The Giants wanted to bring Johnathan Hankins back and they did all the right things to try to make that happen. They made him a generous offer. They patiently waited for his response. They didn't seriously pursue other defensive tackles or (for the most part) publicly pressure him to take their deal. They let their offer sit there and gave him all the space he needed until he decided to make up his mind.
In the end, he found his riches elsewhere. They always knew that was the risk.
But if the early word on his new contract with the Indianapolis Colts prove to be correct, the Giants were right to let Hankins go because that price was way too high.
Now, chances are the three-year, $30 million deal -- which is the max value according to reports, and confirmed from a league source -- won't be that big when the full details are known. The guaranteed money is somewhere between $14.5 million and $15.9 million, depending on which report you believe, and the NFL Network reports Hankins will make a total of $10.5 million this year.
But even if any of those details are correct, it's hard to argue that the 24-year-old Hankins would have been worth $10.5 million this season for the Giants -- or even $14-16 million over the next two. He's a good player who once had a seven-sack season and at his age it's easy to see him getting better. He probably hasn't come close to maximizing his potential yet.
On the Giants, though, he was their fourth-best lineman and there was a significant gap between him and the top three. And it's not like those three come cheaply. Jason Pierre-Paul, Olivier Vernon, and Damon Harrison are on contracts that are worth a combined $193 million. In salaries alone, they are scheduled to make $21.75 million in 2017 and eat 20 percent of the Giants' salary cap ($33.85 million in cap space combined).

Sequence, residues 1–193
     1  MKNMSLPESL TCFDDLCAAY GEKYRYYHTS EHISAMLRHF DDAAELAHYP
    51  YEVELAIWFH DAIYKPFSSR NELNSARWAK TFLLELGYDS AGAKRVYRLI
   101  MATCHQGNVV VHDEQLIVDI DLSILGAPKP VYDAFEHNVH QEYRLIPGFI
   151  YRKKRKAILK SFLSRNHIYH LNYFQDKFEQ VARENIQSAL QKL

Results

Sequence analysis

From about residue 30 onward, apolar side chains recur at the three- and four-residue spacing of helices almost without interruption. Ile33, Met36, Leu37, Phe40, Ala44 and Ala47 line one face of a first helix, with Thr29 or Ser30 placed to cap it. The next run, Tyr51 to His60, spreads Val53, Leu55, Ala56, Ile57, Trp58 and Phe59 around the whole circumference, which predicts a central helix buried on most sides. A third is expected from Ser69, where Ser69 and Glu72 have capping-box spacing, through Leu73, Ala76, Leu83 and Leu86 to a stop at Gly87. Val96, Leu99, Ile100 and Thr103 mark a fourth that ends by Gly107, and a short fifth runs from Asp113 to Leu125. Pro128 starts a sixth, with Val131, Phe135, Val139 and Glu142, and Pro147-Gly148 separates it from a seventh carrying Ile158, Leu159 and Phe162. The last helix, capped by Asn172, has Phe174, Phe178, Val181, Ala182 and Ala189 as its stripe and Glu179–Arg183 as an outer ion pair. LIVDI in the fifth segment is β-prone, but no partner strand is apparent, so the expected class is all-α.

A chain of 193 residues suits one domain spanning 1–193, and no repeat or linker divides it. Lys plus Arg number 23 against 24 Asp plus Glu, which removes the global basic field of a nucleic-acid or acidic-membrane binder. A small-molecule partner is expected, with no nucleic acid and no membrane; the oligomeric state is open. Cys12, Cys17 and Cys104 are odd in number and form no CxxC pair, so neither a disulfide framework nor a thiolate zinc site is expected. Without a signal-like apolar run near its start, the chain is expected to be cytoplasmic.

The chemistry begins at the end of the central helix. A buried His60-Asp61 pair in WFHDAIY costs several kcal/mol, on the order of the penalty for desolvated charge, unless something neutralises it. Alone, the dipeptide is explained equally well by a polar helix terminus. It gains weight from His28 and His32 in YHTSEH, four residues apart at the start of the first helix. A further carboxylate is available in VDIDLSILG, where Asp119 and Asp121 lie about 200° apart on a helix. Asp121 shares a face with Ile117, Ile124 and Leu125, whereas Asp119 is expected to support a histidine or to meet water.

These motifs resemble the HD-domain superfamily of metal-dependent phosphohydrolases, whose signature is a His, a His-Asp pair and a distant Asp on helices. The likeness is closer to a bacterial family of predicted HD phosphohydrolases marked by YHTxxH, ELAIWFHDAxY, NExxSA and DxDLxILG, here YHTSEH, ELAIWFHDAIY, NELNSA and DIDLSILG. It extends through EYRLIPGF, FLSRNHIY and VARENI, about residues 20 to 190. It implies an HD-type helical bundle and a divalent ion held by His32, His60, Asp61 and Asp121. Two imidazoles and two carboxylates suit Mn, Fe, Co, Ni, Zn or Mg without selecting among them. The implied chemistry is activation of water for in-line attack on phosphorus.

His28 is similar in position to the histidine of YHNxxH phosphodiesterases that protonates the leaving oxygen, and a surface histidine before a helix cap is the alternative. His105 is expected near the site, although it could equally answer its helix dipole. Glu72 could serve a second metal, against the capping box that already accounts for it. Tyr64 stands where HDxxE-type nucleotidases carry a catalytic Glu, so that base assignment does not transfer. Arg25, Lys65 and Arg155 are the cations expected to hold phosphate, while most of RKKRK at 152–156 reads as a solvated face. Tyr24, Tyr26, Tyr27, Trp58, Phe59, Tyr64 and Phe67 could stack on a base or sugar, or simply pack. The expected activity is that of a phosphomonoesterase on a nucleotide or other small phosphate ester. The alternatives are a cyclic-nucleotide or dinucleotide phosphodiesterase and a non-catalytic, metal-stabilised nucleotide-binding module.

Those numbers only get bigger in the future, so it's not the most fiscally responsible idea to invest even more money in one position -- not on a team with holes on the offensive line, at tight end and running back, and with several key players (guard Justin Pugh, center Weston Richburg, and receiver Odell Beckham, Jr.) getting close to being in line for potentially lucrative new deals.
That's not to say Hankins wouldn't be a valuable player to have, but given those circumstances he was an unaffordable luxury here. With the Giants' defensive line already so strong, they can get by at their second defensive tackle spot either with a draft pick or perhaps Jay Bromley or Robert Thomas. In a salary-capped sport, they simply can't have top-paid players at every single spot.
Besides, it's not like the Giants didn't try. They leaked word this week that they had a four-year, $28 million offer on the table for Hankins - a deal that seems reasonable, though to be fair the important details (guaranteed money, structure, etc.) aren't publicly known. Hankins, according to multiple sources, had always been seeking a deal in the range of the five-year, $46.25 million contract the Giants gave Harrison (though lately teams have leaked that his initial asking price was higher than that).
In the end, Hankins got what he apparently wanted - more than the Giants offered, a deal with an average value higher than Harrison's, and one that significantly will allow him to hit the market again at age 27 (possibly even sooner). He gets to cash a big check, save face after an embarrassingly quiet trip through free agency, and in a few years he can do it all again.
And the Giants shouldn't be upset either. No, they won't be returning all their defensive starters, but most of the ones they kept were far more important. They've always known that the reality of free agency is they can't always have everything they want. So all they can do is make sure they spend to keep what they really need.